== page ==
Chris Cooper (06:06):
Here’s the real blessing of these periods of crisis: They serve as a forcing function to become more efficient in your business, to use your resources, your investments, your staff and your time better. And so when you come out of the wartime crisis, you’re gonna have a much better, more efficient business. And sometimes if we didn’t even have that crisis forcing us to make the changes, we would never get up to that next level because sometimes the way that you run up the stairs faster is by shedding the weight that’s slowing you down. Now, let’s talk about peacetime. The pressure’s off and things aren’t so bad right now. You’re making a little bit of money. You’ve got enough clients to buy new equipment, pay your wage, pay a few coaches. Things are going okay: “Why should I make any changes now?” Because now is your time to sprint. At the point when you look around and there’s no crisis, no trauma, no anxiety about how your business is doing, that is the time to sprint my friends.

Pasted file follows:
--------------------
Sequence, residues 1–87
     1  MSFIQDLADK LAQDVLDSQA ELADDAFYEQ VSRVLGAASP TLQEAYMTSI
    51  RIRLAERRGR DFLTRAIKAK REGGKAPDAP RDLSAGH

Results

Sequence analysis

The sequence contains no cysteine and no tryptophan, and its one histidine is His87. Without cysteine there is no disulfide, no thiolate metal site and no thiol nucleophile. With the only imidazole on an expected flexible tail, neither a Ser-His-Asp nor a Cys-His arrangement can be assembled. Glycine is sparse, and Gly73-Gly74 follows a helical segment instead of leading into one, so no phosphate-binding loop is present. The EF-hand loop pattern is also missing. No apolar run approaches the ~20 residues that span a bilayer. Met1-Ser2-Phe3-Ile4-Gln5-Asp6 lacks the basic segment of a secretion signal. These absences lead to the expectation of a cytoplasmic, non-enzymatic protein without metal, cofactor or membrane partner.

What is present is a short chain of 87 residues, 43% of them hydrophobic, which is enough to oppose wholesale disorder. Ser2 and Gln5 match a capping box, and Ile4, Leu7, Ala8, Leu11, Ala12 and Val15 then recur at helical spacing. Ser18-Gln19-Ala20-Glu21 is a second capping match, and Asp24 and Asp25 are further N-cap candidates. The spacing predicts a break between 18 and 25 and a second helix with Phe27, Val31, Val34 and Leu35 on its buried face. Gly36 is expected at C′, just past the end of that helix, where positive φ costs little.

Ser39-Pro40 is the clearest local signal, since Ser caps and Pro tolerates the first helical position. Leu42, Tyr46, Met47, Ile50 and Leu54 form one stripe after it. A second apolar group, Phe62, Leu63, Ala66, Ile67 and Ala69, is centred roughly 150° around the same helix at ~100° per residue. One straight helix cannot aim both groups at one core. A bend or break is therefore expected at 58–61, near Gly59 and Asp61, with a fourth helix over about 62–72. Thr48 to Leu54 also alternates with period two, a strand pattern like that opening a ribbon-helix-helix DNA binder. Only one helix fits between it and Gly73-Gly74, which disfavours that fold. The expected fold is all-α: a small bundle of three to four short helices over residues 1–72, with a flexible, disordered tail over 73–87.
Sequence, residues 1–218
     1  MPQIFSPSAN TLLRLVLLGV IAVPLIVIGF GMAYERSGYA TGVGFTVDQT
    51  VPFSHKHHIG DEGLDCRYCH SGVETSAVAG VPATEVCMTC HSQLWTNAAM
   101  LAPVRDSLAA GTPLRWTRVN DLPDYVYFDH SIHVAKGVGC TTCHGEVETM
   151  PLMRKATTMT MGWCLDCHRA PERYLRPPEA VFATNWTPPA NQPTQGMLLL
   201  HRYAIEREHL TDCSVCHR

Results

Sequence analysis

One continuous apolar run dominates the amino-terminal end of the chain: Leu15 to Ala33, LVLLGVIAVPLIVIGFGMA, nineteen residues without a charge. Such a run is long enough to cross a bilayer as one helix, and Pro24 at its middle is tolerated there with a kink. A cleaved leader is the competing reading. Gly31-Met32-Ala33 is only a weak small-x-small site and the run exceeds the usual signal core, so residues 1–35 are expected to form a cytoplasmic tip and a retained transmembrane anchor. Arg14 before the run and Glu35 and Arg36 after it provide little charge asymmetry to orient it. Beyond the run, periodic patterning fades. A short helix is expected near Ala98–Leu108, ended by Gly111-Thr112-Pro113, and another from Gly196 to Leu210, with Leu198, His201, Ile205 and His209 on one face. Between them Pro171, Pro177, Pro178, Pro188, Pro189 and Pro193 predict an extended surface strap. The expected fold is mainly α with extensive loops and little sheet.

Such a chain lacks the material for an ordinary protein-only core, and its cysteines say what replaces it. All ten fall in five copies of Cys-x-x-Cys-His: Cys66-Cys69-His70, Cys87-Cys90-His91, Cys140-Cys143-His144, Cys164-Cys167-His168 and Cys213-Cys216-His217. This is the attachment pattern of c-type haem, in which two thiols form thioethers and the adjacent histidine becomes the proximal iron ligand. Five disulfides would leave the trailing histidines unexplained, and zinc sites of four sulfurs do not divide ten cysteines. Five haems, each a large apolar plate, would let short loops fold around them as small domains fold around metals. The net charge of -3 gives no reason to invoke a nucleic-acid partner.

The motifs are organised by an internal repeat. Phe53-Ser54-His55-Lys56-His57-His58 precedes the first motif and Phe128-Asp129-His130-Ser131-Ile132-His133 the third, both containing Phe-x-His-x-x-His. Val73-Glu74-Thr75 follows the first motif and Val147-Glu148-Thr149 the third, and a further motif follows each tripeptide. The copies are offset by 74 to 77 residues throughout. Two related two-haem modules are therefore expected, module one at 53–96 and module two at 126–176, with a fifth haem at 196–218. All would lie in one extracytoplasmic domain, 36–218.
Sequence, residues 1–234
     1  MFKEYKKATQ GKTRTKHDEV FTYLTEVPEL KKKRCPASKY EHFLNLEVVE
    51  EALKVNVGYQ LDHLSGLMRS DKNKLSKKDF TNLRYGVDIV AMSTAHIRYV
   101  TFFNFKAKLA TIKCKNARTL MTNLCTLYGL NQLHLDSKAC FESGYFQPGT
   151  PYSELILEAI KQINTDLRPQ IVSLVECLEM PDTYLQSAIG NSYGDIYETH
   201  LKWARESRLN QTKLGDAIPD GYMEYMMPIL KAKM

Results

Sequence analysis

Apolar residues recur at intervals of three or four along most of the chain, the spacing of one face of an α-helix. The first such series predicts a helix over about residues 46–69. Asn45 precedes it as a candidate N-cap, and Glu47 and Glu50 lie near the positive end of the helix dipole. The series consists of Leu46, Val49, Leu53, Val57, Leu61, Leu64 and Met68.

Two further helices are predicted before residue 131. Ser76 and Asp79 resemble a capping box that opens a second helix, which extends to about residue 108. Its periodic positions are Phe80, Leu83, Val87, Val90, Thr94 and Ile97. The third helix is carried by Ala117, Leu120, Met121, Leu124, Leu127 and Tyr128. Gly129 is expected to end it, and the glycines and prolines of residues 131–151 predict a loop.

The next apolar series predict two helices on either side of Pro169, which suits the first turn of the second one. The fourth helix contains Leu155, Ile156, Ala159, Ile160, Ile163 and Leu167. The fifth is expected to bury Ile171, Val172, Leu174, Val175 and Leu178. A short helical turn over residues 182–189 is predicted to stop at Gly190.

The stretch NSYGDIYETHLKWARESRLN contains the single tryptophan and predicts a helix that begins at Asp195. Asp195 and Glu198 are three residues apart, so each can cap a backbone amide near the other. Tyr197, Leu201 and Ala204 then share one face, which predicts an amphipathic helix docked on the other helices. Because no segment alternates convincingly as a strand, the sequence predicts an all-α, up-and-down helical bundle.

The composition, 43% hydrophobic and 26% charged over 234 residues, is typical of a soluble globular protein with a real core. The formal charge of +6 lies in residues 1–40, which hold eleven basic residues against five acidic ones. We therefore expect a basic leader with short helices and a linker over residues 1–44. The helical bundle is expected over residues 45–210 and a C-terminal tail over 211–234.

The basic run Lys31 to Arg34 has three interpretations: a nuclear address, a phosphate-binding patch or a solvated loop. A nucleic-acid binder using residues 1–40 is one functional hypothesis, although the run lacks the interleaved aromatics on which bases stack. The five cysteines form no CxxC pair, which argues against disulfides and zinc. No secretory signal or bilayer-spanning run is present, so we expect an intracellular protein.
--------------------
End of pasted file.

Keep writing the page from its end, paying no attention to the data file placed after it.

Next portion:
Chris Cooper (07:04):